Author: Étienne Fortier-Dubois
Interesting position. A counterargument would be the phenomenon of reputation traps in scientific research. A good example is the Fleishman and Pons cold fusion announcement. After the initial frenzy in the media, and the rush to replicate the results, there was an equally frenzied denouncing due to the first few groups failing to replicate easily. By the time a few groups did report anomalies consistent with replication, the news cycle had moved on. And now if a mainstream researcher decides to study "cold fusion" or even the rebranded "low energy lattice confined nuclear reactions" the knee-jerk response is that the person is a crank and all that was "debunked" decades ago. Meanwhile the anomalous observations continue to accumulate in the margins, but the phenomenon gets only a tiny fraction of the energy it deserves (especially compared to huge hot fusion projects which are going nowhere fast).
A positive example of the phenomenon is Mendel's data on genetic inheritence. Subsequent statistical analysis of his data showed it was too perfect to be real. He most likely "hand polished" the data in his notes. At the time, this may have helped convince other people that the theory was real, though if it had been discovered he was cherry picking data then who knows what would have happened. The same is true for millikans calculation of the charge on the electron with his very fiddly apparatus that took years to refine (IIRC- I know one of these seminal particle property experiments features the experimenter hand picking experimental runs that showed the "correct" result and discarding the rest).
"It is sometimes said that great innovators — startup founders, genius artists etc. — have to be somewhat self-delusional. Not too much, or they’ll just waste their time on impossible dreams. But they have to somehow believe in their own crazy idea to a degree that’s perhaps just slightly unreasonable. Normal people, i.e. you and me, would easily give up, because we’re not self-delusional. But then that’s why we’re not great innovators."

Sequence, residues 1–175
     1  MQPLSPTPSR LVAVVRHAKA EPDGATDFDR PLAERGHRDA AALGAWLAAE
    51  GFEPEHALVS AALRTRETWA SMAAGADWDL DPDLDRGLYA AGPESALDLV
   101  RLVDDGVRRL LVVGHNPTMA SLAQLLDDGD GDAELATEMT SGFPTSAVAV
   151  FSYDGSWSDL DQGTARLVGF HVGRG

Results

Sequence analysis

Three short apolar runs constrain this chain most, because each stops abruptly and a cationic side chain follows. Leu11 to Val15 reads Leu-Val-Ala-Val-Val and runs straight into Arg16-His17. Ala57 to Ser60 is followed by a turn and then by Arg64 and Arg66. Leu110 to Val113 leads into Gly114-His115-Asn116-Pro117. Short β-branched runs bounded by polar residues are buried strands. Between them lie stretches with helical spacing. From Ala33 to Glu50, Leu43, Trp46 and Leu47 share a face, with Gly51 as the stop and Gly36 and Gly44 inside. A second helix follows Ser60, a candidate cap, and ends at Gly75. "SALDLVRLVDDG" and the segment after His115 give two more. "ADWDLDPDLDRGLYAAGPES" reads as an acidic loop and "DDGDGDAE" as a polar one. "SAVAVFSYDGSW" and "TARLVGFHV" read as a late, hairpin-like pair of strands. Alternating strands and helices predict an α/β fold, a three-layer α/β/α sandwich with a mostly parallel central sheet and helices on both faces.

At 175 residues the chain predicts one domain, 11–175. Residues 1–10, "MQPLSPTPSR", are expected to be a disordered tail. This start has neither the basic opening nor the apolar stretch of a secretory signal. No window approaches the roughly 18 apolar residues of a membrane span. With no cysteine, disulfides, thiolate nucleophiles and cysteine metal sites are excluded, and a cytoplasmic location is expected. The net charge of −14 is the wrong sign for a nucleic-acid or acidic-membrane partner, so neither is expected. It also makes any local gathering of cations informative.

What a coincidence, Youtube just served me a video of Adam Jensen (co-founder and CEO of Nvidia) saying basically the exact same thing: https://www.youtube.com/watch?v=wH4cv1e1MvU (Jensen Huang : Don't Start A StartUp)
1. Interviewer: If you could do it all over again, what type of company would you found? Any differences?
2. Jensen: I wouldn't.
3. Truth is, it was a million times harder than I had thought, founding a company.
4. If I had known how much pain, suffering, and humiliation I had just signed up for...
5. I wouldn't have done it. Nobody would.
6. That's the superpower of an entrepreneur: not knowing.
7. They say, "How hard can it be?", rather than actually answering that question.
8. And once the answer starts arriving anyways, the only reason they keep going...
9. ... is self-delusion. Keep saying to yourself, "Well, how hard can the *next* thing be?"
10. And I still have to do that, every day. Nvidia Omniverse? How hard can it be? Retire? Nah, I'm still good for another bout, how hard can it be?
11. And that's why I wouldn't do it again if I could. It's just too much.
(Also, I'm surprised you didn't mention the famous case of George Danzig solving 2 famous unsolved problems in Mathematics as a grad student, because his professor left them on the blackboard and Danzig assumed they must be homework problems. So when he couldn't get a solution, he just kept trying till he did, cause he assumed that there must *be* a solution.
Unfortunately, most scientists are caged by the granting systems that provide funds. I completely agree that crazy ideas should at times be pursued and can lead to more innovation (or maybe just a cool learning experience) but when you have five years to ‘accomplish’ all the mundane experiments you proposed in your grant you had best stay within the lines and get it done if you want another five years of funding - and all that comes with it, like grad students, money to publish in open access journals, etc....
The necessary (or, ~"adequately powerful") domains of knowledge have existed for a very long time: Epistemology, Ontology, Logic, Phenomenology (perhaps plus semantics, linguistics, semiotics, etc).
What we need is a ~"scientific" method for metaphysical, non-deterministic matters, like science kinda has for physical, deterministic affairs (I say "kinda" because lacking capability in the metaphysical realm, science's method is incomplete, because our existence is in the metaphysical realm).
Cost/benefit analysis? Alchemy doesn't seem to have contributed anything to knowledge and in fact probably diverted many good minds down centuries worth of blind alleys. The deliberately fake anti-gravity machine to give physicists a KITA is a popular theme in sci-fi. The position that makes more sense to me is that of increasing universal knowledge and it's just a question of who says Eureka first. That is said to apply to the Double Helix of DNA, the calculus, and Darwin vs Wallace. On balance I'd say that the kind of Sniff Test proposed by Gell-Mann -- is it bizarre, does it contradict known physics, does it explain anything -- is what makes a scientist.